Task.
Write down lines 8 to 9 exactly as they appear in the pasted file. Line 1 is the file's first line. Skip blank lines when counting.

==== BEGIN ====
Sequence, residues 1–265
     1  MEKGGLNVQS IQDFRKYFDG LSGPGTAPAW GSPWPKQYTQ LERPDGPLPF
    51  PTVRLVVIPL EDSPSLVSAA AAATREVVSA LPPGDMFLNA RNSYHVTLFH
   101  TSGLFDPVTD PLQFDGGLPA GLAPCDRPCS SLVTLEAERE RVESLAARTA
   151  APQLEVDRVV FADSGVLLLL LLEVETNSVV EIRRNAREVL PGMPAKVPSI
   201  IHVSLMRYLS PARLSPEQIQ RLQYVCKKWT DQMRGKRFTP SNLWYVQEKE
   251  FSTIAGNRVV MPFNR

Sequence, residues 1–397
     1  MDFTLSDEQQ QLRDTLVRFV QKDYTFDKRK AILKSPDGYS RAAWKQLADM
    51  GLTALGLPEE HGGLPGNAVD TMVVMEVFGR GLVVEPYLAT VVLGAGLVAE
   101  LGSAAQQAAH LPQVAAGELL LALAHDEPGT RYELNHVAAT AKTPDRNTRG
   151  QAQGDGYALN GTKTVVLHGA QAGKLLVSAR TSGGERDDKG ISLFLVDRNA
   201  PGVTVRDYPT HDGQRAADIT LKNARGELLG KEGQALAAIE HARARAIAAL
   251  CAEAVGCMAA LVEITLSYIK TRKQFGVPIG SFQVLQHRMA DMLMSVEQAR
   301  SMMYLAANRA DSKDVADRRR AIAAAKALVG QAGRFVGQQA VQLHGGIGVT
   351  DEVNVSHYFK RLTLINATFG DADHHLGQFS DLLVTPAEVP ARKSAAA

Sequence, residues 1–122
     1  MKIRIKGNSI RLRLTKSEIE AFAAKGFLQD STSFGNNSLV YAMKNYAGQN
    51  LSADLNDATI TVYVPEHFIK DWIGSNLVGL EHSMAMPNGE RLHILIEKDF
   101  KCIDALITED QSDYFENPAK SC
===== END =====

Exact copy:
Sequence, residues 1–397
     1  MDFTLSDEQQ QLRDTLVRFV QKDYTFDKRK AILKSPDGYS RAAWKQLADM